Adelphi Hotel

Some of the earliest mentions of Adelphi Hotel can be found in newspaper advertisements published in 1850. The proprietor of the hotel, C. Goymour, announced in the 7 May 1850 issue of The Straits Times newspaper that the hotel had moved to High Street. Subsequently, Adelphi Hotel moved to Coleman Street.1 It became one of the principal hotels in Singapore in the late 19th century, together with Raffles Hotel, Hotel de l’Europe and Hotel de la Paix.2 The hotel officially closed on 25 June 1973 and was later demolished. Adelphi Complex (now known as The Adelphi) opened on its site in 1985 and the building is now known as The Adelphi.

Adelphi Hotel moved from High Street to No. 3 Coleman Street, the residence of Singapore’s pioneer colonial architect, George Dromgold Coleman. The hotel was still housed at this location in the 1870s. During the following decade, however, it moved to Nos. 1 and 2 Coleman Street, at the corner of North Bridge Road.3

Around 1903, Messrs Sarkies, Johannes & Co. purchased the property and improved the small hotel beyond recognition.4 It was entirely rebuilt with a dining hall that could seat 400. There were 100 bedrooms with bathrooms attached and even a tennis court. The Billiard Room and the Reading Room on the ground floor were paved with white marble.5 The three-storey Adelphi Hotel became one of the eight major hotels at the turn of the century, placing it in the same league as Raffles Hotel, which had opened in 1887.6 Adelphi Hotel was also where General Tomoyuki Yamashita of the Japanese army met with Singapore’s 400 community leaders, the first direct contact with Singaporeans after the fall of Singapore.7 During the Japanese Occupation (1942–45), Adelphi Hotel was renamed Nanto Hotel.8

With a history spanning more than a century, Adelphi Hotel was the oldest hotel in Singapore before its closure in 1973.9 On 24 June that year, the hotel held a dinner and dance to mark its last day and was officially closed at the stroke of midnight, on 25 June 1973.10 Proceeds from the dinner were donated to the Singapore Cheshire Home for the handicapped.11 Demolition began in 1979 and construction of a new building on its site started in 1980.12 Adelphi Complex, a 10-storey hotel, retail and office block completed in 1985, now stands on the site of the old Adelphi Hotel.13 The building is currently known as The Adelphi, which specialises in high-end audio equipment.14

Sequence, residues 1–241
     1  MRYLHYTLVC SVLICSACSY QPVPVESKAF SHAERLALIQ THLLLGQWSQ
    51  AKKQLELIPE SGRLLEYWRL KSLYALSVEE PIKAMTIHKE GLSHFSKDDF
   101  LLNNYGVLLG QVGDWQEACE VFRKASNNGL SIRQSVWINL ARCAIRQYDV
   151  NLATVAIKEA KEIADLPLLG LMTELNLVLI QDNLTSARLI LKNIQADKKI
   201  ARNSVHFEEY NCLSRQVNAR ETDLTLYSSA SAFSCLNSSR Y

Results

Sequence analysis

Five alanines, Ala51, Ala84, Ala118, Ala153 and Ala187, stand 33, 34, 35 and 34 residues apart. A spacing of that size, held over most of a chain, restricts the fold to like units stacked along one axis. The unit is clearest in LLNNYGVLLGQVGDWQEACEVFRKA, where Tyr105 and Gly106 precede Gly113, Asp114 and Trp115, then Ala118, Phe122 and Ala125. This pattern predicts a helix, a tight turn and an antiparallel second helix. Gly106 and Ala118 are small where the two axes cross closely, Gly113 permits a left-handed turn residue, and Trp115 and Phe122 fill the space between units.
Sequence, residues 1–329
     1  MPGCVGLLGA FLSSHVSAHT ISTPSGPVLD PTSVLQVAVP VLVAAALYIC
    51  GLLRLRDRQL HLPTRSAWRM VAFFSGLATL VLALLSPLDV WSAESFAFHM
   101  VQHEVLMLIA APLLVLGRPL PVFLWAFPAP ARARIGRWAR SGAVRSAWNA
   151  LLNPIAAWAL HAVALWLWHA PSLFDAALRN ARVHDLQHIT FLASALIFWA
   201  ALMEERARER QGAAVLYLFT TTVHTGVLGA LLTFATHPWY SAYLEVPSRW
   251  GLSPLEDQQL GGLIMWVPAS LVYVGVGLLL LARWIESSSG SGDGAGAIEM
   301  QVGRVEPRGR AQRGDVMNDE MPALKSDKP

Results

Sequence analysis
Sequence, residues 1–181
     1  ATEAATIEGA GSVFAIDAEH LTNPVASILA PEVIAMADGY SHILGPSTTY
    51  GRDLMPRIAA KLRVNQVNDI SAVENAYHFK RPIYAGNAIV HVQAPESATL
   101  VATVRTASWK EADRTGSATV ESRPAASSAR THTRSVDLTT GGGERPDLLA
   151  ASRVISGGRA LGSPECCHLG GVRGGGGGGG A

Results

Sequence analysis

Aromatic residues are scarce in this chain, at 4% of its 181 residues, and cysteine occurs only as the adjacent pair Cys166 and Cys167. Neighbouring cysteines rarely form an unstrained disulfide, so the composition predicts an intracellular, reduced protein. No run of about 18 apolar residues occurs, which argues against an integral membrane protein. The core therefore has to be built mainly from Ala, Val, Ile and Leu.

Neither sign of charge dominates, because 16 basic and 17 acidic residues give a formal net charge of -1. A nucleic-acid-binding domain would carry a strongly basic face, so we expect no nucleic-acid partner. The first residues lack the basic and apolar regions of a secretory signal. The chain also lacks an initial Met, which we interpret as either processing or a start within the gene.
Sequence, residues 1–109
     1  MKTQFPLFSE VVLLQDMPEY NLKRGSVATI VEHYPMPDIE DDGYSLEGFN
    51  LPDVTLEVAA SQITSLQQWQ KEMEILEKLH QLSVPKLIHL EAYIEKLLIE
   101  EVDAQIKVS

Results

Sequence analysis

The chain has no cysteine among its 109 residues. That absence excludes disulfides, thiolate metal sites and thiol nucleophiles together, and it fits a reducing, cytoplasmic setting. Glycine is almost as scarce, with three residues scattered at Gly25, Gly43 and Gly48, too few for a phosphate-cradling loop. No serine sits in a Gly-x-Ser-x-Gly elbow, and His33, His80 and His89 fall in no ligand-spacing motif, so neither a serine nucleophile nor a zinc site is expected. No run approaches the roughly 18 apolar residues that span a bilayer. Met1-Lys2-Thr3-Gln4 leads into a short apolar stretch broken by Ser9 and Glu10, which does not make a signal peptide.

Marsita Omar

1. “Adelphi Hotel,” Straits Times, 7 May 1850, 7 (From NewspaperSG); Ray Tyers and Siow Jin Hua, Ray Tyers’ Singapore: Then & Now (Singapore: Landmark Books, 1993), 48. (Call no. RSING 959.57 TYE-[HIS])
2. Gretchen Liu, Singapore: A Pictorial History 1819–2000 (Singapore: Archipelago Press in association with the National Heritage Board, 1999), 123. (Call no. RSING 959.57 LIU-[HIS])
3. “Our Lost Treasures,” Straits Times, 1 April 1990, 2 (From NewspaperSG); Tyers and Siow, Ray Tyers’ Singapore, 48; Jane Beamish and Jane Ferguson, A History of Singapore Architecture (Singapore: Graham Brash, 1985), 36. (Call no. RSING 722.4095957 BEA)
4. “Sale of the Adelphi Hotel,” Straits Times, 30 March 1903, 5. (From NewspaperSG)
5. “Our Lost Treasures.”
6. Liu, Pictorial History 1819–2000, 123.
7. C. M. Turnbull, A History of Singapore, 1819–1988 (Singapore: Oxford University Press, 1989), 197. (Call no. RSING 959.57 TUR-[HIS]) 
8. Saburo Lenaga, The Pacific War, 1931–1945: A Critical Perspective on Japan’s Role in World War II (New York: Pantheon Books, 1978), 173. (Call no. RCLOS 940.5352 IEN-[GH])
9. Tyers and Siow, Ray Tyers’ Singapore, 48.
10. “Chimes Sound Adelphi’s Death Knell,” New Nation, 25 June 1973, 2. (From NewspaperSG)
11. “The Last Dinner and Dance at the Adelphi,” Straits Times, 25 June 1973, 10. (From NewspaperSG)
12. Teo Teck Weng, “The Adelphi Makes Way for the ’80s,” Business Times, 7 April 1979, 14; “Rebuilding of Hotel Begins Today,” Straits Times, 11 March 1980, 10. (From NewspaperSG)
13. Tyers and Siow, Ray Tyers’ Singapore, 48.
14. Victor R. Savage and Brenda S. A. Yeoh, Singapore Street Names: A Study of Toponymics (Singapore: Marshall Cavendish Editions, 2013), 11. (Call no. RSING 915.9570014 SAV-[TRA])

Further resources
Adelphi Hotel, Singapore, 1906, photograph, Arschak C. Galstaun Collection, National Archives of Singapore (media-image no. 19980007377 – 0021) 

The Bar Room at Adelphi Hotel, Singapore, 1906, Arschak C. Galstaun Collection, National Archives of Singapore (media-image no. 19980005503 - 0071)

The information in this article is valid as of 2016 and correct as far as we are able to ascertain from our sources. It is not intended to be an exhaustive or complete history of the subject. Please contact the Library for further reading materials on the topic.

Historic buildings